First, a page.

Polje Cepic is situated in the eastern-central part of the Istrian peninsula, at the northernmost tip of the Adriatic Sea. Polje Cepic is today an alluvial plain, located 24 to 27 m asl and about 5 km from the coastline. The polje is situated on an elongated depression developed on the western side of a structurally complex anticline (Mihljevic, 1998). The polje is surrounded by terrigenous Eocene bedrock (flysch), also constituting its basement (Sikic & Polsak, 1973). These flysch deposits form a low relief landscape on the eastern and northern parts of the polje, characterised by a network of shallow river incisions. To the east, the polje boundary is represented by the western flank of a north-south trending anticline, characterised by thrust structure of Cretaceous carbonates (Herak, 1991). This flank forms the steep slopes of the Ucka Mountains incised with a series of deep gullies. Most soils within the polje catchment developed both on terrigenous rocks of the Flysch zone and on the carbonates of the Ucka/Cicarija and Central Istria zones (Durn, 2003, Roglic, 1950, Skoric et al., 1987).

Poljes have attracted the attention of geologists, hydrologists, and engineers, who tried to understand their origins and functions, and eventually transformed them, in an attempt to improve the life of local settlers. It is only more recently that some attention has been paid to them by archaeologists, anthropologists and environmentalists. Many of these shallow lakes have dried up during the Holocene, especially due to the continuous accumulation of sediments. Polje Cepic was covered in water until 1932, when its reclamation was achieved by the Italian government, in order to introduce large-scale monoculture in the region.

The sustainers of the reclamation and the drying of the lake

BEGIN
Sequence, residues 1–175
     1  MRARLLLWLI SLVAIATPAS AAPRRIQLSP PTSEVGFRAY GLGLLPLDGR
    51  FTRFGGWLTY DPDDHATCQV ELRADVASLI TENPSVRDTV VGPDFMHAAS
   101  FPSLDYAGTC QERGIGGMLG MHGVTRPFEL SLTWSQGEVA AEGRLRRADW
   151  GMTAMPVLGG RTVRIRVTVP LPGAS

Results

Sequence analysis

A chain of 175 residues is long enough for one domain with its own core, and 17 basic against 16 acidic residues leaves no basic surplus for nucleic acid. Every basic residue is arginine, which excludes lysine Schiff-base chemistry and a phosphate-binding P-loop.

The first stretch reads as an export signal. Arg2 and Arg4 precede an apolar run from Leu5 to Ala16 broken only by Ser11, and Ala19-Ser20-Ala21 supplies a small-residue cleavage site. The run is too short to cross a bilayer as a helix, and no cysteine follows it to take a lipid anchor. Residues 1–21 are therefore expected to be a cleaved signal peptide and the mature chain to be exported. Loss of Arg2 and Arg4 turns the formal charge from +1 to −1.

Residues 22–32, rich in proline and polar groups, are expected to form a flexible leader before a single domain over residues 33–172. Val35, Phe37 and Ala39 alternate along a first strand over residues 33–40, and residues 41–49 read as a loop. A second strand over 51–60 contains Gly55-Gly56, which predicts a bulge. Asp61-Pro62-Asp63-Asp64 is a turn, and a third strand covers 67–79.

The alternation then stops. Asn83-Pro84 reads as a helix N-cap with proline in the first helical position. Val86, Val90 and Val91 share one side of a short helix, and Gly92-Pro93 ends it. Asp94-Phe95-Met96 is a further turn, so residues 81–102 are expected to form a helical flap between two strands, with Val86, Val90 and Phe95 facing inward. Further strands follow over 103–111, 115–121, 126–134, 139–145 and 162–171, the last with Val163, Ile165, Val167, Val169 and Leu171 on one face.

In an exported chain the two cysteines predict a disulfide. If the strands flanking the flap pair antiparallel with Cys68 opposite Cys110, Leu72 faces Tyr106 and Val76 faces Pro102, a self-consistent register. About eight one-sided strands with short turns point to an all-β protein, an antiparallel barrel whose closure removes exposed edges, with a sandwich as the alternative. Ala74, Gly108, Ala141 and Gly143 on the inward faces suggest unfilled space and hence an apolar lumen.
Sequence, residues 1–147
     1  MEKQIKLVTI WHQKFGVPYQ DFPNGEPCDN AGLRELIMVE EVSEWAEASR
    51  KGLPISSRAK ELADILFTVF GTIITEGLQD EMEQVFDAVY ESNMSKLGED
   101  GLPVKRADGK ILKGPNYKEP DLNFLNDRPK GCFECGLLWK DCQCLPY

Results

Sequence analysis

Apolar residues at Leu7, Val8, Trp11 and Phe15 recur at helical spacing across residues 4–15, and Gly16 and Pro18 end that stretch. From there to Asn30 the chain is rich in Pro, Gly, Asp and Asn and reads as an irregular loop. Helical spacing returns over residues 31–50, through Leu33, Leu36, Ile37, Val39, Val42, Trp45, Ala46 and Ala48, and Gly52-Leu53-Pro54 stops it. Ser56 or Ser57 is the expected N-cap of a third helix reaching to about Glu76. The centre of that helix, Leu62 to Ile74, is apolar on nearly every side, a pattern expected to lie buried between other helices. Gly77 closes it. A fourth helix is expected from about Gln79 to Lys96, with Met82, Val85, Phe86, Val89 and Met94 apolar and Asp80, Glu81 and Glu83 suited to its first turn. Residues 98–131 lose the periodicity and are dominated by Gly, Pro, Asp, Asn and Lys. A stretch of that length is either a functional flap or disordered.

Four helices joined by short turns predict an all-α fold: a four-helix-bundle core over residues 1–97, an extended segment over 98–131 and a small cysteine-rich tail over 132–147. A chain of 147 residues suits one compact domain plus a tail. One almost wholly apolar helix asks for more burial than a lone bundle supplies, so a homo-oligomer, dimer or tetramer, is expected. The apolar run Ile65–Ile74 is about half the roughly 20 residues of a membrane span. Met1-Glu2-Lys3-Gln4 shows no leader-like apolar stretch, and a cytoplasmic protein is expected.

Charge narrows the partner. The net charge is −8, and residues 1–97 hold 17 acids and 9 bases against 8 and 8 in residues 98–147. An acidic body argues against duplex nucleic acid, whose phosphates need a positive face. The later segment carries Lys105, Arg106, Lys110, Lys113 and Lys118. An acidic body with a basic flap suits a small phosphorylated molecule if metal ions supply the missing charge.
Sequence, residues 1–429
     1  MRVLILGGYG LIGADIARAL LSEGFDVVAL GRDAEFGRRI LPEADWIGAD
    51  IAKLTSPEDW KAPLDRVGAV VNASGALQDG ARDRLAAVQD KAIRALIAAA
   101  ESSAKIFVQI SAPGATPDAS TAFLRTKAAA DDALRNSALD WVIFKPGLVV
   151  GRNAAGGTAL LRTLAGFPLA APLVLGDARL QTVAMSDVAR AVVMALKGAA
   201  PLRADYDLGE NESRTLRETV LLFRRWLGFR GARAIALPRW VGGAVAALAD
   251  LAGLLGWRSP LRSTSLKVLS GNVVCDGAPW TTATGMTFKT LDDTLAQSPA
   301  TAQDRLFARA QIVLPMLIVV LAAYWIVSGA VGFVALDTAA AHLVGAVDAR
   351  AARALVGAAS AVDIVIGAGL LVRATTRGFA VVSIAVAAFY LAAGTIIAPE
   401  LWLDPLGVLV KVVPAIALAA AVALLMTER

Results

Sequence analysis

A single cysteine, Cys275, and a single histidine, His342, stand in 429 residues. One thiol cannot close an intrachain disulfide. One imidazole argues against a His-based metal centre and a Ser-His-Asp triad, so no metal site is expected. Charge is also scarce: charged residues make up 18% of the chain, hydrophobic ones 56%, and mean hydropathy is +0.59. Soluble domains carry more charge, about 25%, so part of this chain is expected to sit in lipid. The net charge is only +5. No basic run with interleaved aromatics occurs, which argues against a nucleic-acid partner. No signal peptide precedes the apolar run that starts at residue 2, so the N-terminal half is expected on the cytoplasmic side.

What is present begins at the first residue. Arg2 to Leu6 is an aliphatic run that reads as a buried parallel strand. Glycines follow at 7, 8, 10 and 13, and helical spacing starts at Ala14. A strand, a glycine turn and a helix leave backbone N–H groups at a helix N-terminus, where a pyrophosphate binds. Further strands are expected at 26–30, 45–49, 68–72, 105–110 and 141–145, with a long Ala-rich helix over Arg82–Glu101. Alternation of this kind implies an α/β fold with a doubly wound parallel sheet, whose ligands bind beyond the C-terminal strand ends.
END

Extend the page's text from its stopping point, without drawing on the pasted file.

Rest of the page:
Before 1932, and back to the 16th century, most maps picturing Istria showed the presence of a shallow lake within Polje Cepic (Lago & Rossit, 1981, Parenzan, 1928). In early 20th century Italy, Arrigo Serpieri was the main promoter and legislator of the so-called bonifica integrate (full reclamation) (Marasti, 2001, Serpieri, 1935, Tassinari, 1939). Shallow lakes, coastal lagoons, marshes, estuaries and all sorts of wetlands were being managed and dried all over the Italian peninsula and the colonies. Among other regions, major projects were being carried out in Sardinia (Angioni, 2004), Latium (Stabile, 2002) and Abruzzo (Giraudi, 1997). Issues related to land reclamation and its impact on local people and landscape were such a sensitive matter that the drying of Fucino Lake became the subject of the novel Fontamara (Silone, 1967). The draining of the lake occupying Polje Cepic was probably the most impressive infrastructure achieved in Istria under the Italian administration. The reclamation of the lake followed a succession of dry summers. In 1927 the Podesta of Albona (Labin), Conte Lazzarini ordered that each animal and man able to work should spend four days per year cleaning all ponds and lakes in the jurisdiction of Albona, to be used as storage for rain water (Lazzarini, 1927b). In 1930 the urge for freshwater became even more severe and Lazzarini ordered that water from the ponds should have been restricted to domestic use (Lazzarini, 1930). It was in this period that Lazzarini begun his campaign to obtain from the central government in Rome concession and support for the drying of Lake Arsa. He founded the Consorzio delta Bonifica dell'Arsa (Consortium for the reclamation of Arsa), while Prefetto (Prefectum) Mori was named chief of the reclamation of Arsa (Miglia, 1994). The drainage and the reclamation of the lake were promoted through strong propaganda, picturing the lake as a sort of malarial wasteland (De Franceschi, 1929, Lazzarini, 1927a). Eventually, Lake Arsa was dried-up through the construction of a four kilometer long, three meter wide underground channel conducting the water of the lake into Plomin Bay and the Adriatic Sea. After the opening of the tunnel, it took seven days to empty the large surface of the polje from which tons of dead fish, mainly eel, could be collected (Milevoj, 1997). New communities were introduced to the margins of the former lake to cultivate its floor. Very soon both the quantity and quality of the production decreased, following the severe dryness of Mediterranean summers. In the 1960s a dam and an artificial basin were built upstream, near Letaj, in order to counteract the lack of freshwater but the small water basin was soon filled with sediments carried downstream by the Bojunscica River (Rubinic et al., 1999). Since its creation the Letaj basin has undergone several emptying operations. By the early seventies it was clear that the cultural and natural landscape of Polje Cepic had undergone an expensive and inefficient transformation. The large farms occupying the polje are now abandoned and in ruin.